July 22, 2013
-- 1. Financial industry speculation devastated middle-class homeowner wealth.
-- 2. U.S. investors pay zero tax on their speculative transactions.
-- 3. The tax is easy to implement, and is very successful in other countries.
The emotional appeal reaches most of America:
-- Why should the rest of us pay up to 10% on the necessities of life while risky derivative purchases aren't taxed at all?
-- Why should kids around the country lose their arts programs while trillions of dollars flow, untaxed, to Wall Street?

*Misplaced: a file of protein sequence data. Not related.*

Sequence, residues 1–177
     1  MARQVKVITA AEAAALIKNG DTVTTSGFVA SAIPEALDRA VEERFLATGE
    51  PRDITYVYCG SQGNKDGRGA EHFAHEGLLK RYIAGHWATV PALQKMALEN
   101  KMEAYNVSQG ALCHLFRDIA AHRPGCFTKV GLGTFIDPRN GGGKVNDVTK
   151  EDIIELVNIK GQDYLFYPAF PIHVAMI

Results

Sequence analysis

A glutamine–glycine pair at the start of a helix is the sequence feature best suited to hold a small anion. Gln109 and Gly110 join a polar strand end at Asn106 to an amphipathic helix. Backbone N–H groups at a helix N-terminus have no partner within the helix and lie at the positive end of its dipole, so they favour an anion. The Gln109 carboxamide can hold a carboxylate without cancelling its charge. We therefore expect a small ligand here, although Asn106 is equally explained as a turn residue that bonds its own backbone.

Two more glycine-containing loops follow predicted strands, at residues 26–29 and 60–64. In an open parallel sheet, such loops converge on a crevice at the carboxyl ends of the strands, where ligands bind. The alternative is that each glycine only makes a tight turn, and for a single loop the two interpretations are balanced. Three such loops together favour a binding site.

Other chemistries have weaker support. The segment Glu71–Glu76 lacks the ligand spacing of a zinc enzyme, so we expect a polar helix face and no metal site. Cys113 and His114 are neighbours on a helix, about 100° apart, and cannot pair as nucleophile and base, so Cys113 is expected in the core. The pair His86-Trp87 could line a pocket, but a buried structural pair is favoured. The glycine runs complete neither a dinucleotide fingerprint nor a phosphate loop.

On July 8th, 2013, Chicago Political Economy Group (CPEG) member Bill Barclay and Illinois Green Party Chair Rich Whitney presented arguments for the Financial Transaction Tax (FTT) in front of the Illinois Pension Reform Committee. The video is available here (01:29:40), and the slideshow here. Much of the following derives from their work.
The Tax Works in Countries with the 'Freest' Economies
A good place to start is Singapore. Or Hong Kong or Switzerland. These are three of the top five countries on the Heritage Foundation's Index of Economic Freedom, and they all have FTTs. Critics who might argue that non-FTT taxes are lower in Singapore and Hong Kong should look at World Bank and CIA World Factbook datasets, both of which show the U.S. with lower tax revenues as a percentage of GDP. The U.S. is clearly undertaxed across a wide range of taxes.